Thursday, November 13, 2003

Sidelight: one thing that fascinated me in The Varieties of Religious Experience is that while James translates all his French and Italian quotations into English as a matter of course, he quotes German verse a couple of times, with neither translation nor attribution. He apparently assumes that while some of his audience (British students and professors, I presume) might not understand simple French or Italian prose, everyone will recognize lines from Heine or Goethe. Lo, how the German language (and academic prestige) hath fallen!

Wednesday, November 12, 2003

In The Varieties of Religious Experience, James quotes many personal narratives. One is by Tolstoy, recounting how he emerged from a time of crisis, and what James calls "divided self," with a new spiritual unity and a new faith. James remarks on this, with astonishing naivete: "and Tolstoy thereupon embraced the life of the peasants, and has felt right and happy, or at least relatively so, ever since."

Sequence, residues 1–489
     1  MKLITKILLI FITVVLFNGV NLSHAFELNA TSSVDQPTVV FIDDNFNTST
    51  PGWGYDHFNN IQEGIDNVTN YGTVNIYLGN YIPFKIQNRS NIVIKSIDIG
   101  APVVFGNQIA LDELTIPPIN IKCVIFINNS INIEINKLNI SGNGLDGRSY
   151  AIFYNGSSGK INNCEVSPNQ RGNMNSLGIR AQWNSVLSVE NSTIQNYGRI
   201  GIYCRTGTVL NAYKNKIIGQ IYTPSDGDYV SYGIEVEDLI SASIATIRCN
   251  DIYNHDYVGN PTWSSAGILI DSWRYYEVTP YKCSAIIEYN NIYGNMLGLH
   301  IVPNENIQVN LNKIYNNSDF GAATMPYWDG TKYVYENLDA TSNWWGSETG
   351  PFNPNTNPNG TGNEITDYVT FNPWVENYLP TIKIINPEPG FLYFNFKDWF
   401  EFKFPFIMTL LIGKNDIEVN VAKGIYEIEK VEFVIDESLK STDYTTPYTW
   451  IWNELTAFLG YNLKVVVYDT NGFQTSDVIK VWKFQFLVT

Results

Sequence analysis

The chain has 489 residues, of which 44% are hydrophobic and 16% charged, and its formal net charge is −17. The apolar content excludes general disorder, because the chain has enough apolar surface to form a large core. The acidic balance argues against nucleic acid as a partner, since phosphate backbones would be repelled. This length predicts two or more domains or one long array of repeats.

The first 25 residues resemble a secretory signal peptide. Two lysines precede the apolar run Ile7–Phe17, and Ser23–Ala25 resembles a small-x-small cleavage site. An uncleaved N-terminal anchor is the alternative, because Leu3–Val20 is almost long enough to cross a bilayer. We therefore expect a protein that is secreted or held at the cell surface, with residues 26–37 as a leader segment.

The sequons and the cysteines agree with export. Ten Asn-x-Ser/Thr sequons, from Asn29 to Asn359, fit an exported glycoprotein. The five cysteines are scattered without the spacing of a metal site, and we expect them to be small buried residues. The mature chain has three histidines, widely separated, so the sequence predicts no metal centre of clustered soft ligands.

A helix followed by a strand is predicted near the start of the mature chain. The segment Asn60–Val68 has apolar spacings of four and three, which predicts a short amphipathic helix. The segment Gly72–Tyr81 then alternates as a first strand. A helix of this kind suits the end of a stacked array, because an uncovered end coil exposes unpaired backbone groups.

If you know anything of Tolstoy's biography (which James, to be fair, was in no position to do) this remark will make you hoot with laughter. Tolstoy never felt right and happy for more than an hour or two at a time, not in his whole life.

I don't want to poke fun at James, or at Tolstoy. But there's a lesson to be learned here. The urge to give narratives of spiritual struggle a satisfying ending is almost irresistible, and the urge to believe in these narrated endings is maybe even stronger. Few men were less given to self-deception and credulity than either James or Tolstoy, but between them here they're perpetrating a hoax comparable to the Piltdown man. This unified, spiritually content Tolstoy is a complete forgery. And knowing that this one case of spiritual unification, about which I happen to have further information, is largely spurious, I have to look at the others with a certain skepticism.

But -- turn again -- it's important to be measured about this skepticism. The insights Tolstoy reached in his struggle were real ones, important ones. The conviction that life was meaningful and worthwhile, or that at least it could be, was something that Tolstoy established for himself in this time, and so far as I know it never deserted him. The insight he came to -- to boil it down maybe to absurd simplicity -- was that the meaning of life can't be determined by thinking about it. It's created by the life that one lives. A life of brooding about the meaning of life may very well be a meaningless life, but that says nothing about the meaning of other lives we might live.